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Olark CEO: 'I Imagine Cloud Computing is Like Electricity in 10 Years'

Between the yearly outages that occur at Amazon (NASDAQ: AMZN), Microsoft (NASDAQ: MSFT) and Google (NASDAQ: GOOG), many consumers wonder about the future of cloud computing.

Some technologists have expressed their concerns about the format. Others go out of their way to support cloud computing.

Earlier this month, Olark -- a Y-Combinator company that provides live chat and real-time monitoring for websites -- experienced some problems after its hosting provider, Rackspace (NYSE: RAX), encountered internal network issues.

Ben Congleton, Olark's co-founder and CEO, quickly sent out an e-mail to his customers to explain what happened and to apologize for any downtime they may have occurred.

"We are truly sorry," Congleton wrote in his message. "We know it's a pain and you have come to rely on tools such as ours. If you feel this affected your business today, let us know so we can try to make it right."

Benzinga caught up with Congleton this week to discuss Olark, the challenges of cloud computing and its future in technology.

Responding to the Problem

When companies experience an outage, Congleton recommends that they communicate with their customers "quickly and honestly."

"I think we did a pretty good job of that," said Congleton. "I think admitting that there's a problem quickly is something that a lot of people have a hard time doing, but it is incredibly valuable in building trust with the people you're interacting with."

Congleton is quite pleased with the job that Rackspace has been doing, adding that the firm is "making it easier for big companies to mitigate risk by spreading their cloud resources across multiple providers."

"At the same time, Rackspace and other vendors are quite a bit behind Amazon in terms of additional features of their platform," said Congleton. "It's incredibly hard, from a technical standpoint, if you're relying on all the services that Amazon provides you, and you need to figure out how to split your stuff across vendors and mitigate different kinds of catastrophic failure, so it's not an easy option."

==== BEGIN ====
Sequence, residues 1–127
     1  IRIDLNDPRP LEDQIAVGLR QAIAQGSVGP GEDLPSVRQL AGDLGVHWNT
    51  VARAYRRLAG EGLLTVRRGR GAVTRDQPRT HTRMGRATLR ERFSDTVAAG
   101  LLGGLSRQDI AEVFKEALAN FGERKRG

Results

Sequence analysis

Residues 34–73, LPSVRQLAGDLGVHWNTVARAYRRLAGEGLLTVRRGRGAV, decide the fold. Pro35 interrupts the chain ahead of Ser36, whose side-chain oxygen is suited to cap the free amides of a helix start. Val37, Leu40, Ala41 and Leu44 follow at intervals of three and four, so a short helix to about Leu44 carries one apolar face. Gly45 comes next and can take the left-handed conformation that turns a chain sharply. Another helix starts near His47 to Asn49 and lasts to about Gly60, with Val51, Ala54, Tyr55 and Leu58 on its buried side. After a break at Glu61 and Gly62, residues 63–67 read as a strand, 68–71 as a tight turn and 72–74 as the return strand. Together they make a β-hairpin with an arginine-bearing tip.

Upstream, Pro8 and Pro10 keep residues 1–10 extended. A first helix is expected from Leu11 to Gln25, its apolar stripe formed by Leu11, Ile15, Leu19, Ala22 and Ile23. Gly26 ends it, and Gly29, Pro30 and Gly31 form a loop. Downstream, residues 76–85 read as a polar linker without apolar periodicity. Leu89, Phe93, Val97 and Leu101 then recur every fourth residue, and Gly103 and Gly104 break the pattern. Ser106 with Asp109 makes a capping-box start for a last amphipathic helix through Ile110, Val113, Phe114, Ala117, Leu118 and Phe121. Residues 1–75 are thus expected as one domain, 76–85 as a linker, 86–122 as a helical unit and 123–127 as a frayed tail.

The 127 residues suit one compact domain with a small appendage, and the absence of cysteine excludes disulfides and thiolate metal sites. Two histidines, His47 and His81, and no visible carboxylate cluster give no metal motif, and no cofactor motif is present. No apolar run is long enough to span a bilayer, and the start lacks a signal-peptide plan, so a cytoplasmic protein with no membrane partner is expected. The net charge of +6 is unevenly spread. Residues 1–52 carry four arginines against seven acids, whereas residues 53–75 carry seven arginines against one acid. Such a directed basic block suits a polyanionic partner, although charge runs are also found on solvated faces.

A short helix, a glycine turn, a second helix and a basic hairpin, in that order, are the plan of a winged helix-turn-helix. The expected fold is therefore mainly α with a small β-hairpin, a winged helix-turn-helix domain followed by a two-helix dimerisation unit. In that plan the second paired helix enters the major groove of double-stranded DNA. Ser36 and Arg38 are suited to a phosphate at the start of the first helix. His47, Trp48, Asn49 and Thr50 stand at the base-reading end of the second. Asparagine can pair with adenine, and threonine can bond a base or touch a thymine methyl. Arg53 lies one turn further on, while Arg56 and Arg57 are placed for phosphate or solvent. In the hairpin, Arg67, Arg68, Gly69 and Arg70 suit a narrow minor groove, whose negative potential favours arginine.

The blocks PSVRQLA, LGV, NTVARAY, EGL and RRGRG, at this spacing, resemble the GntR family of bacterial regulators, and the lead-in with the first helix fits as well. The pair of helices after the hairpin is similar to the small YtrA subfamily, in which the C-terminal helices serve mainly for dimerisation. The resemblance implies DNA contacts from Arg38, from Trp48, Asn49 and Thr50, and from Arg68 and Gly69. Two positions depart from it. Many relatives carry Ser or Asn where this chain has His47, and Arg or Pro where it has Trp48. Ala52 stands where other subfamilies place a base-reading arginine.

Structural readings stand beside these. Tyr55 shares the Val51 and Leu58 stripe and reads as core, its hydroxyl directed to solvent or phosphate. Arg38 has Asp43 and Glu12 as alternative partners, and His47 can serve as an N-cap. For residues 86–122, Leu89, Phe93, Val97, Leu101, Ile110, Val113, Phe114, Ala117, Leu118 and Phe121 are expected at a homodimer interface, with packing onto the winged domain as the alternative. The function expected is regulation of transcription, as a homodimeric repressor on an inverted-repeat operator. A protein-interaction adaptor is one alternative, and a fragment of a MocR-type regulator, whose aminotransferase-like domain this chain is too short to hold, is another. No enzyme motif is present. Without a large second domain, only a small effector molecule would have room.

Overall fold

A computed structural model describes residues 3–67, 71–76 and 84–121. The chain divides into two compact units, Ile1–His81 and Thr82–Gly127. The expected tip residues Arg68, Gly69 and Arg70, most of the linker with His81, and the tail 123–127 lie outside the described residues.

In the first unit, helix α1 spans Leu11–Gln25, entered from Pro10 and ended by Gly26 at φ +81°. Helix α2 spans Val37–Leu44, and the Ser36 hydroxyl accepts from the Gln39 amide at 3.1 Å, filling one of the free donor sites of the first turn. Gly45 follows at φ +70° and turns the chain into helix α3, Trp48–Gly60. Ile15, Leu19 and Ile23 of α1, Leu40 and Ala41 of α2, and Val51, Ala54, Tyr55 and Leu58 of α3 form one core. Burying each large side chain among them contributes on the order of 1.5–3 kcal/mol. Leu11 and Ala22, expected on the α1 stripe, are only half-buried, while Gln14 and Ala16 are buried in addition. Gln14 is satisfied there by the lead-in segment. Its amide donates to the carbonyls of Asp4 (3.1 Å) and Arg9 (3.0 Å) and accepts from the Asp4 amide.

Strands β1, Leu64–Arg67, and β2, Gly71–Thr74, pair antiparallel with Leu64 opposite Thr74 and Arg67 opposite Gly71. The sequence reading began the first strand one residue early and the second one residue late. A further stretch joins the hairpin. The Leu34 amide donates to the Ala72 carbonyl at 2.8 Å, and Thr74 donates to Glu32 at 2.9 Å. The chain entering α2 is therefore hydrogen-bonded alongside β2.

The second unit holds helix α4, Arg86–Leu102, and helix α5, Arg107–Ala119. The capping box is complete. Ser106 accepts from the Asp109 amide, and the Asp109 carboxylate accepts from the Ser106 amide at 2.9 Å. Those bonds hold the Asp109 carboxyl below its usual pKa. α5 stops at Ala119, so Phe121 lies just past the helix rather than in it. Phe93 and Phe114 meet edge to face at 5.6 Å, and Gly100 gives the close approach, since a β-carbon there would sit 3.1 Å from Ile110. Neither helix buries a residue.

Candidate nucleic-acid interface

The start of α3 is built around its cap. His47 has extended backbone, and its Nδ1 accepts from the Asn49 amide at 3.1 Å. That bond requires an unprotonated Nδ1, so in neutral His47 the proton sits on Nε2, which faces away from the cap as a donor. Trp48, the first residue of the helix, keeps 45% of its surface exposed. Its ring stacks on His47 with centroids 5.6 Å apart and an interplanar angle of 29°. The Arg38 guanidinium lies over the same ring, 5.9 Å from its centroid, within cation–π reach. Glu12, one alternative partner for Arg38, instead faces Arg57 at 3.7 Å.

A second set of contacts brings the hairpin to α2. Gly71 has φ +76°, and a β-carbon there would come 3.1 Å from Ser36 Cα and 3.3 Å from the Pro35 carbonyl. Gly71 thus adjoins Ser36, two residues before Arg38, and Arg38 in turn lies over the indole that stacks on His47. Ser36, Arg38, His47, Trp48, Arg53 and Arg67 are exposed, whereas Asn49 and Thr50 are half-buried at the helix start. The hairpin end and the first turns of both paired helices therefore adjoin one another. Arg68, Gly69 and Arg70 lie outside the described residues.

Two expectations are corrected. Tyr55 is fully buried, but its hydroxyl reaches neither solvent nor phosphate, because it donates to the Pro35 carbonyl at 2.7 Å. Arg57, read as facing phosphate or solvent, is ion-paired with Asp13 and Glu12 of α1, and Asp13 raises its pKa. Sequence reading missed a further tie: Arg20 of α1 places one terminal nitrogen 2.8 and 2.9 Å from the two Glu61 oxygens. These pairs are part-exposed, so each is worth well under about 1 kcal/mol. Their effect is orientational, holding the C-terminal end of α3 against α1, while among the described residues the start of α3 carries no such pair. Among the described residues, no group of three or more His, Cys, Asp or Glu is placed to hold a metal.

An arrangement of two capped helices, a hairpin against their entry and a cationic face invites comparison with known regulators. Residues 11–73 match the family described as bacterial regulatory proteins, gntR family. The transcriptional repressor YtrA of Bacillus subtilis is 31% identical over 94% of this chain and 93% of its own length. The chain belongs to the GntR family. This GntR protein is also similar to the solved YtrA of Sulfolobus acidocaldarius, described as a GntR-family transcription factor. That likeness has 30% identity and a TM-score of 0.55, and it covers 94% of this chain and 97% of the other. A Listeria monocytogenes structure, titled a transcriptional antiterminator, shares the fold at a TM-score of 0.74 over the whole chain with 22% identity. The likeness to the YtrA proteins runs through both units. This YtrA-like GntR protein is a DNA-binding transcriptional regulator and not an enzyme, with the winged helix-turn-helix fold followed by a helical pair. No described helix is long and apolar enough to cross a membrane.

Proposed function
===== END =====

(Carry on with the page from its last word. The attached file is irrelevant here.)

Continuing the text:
Avoiding Outages

"I think when you are a cloud computing company you have a lot of vendors that you're relying on," Congleton told Benzinga. "What you need to do is pick vendors that are very reliable."

Congleton said that Olark has been very fortunate in that it has not experienced many outages.

"Being on Rackspace helps us avoid those problems," he said.

Choosing the right provider is just one of the challenges, however.

"You also have to design your architecture in such a way that it can handle a lot of failure," said Congleton. "It's a process -- you can always do more, but you're always trying to figure out the cost-benefit tradeoffs."

The Cloud Will Get Stronger

One day in the not-too-distant future, Congleton believes that massive and ongoing cloud outages will be a thing of the past.

"I think a lot of people think that cloud computing gives you a finger to point at," said Congleton. He believes that as the infrastructure becomes more stable, people will begin to forget about the issues they've encountered along the way.

"Imagine when electricity first came out, there were brownouts all the time," said Congleton. "When the Internet was beginning, links would go down all the time. Data centers would over-saturate their links because there wasn't enough fiber in the ground."

Cloud computing will get to a place where it "doesn't fail as often," Congleton said, "but it's going to take some time to get there."

"I imagine cloud computing is like electricity in 10 years," he concluded.

Louis Bedigian is the Senior Tech Analyst and Features Writer of Benzinga. You can reach him at 248-636-1322 or louis(at)benzingapro(dot)com. Follow him @LouisBedigianBZ

Posted-In: Ben Congleton Olark rackspaceNews Management Success Stories Startups Tech Best of Benzinga

 

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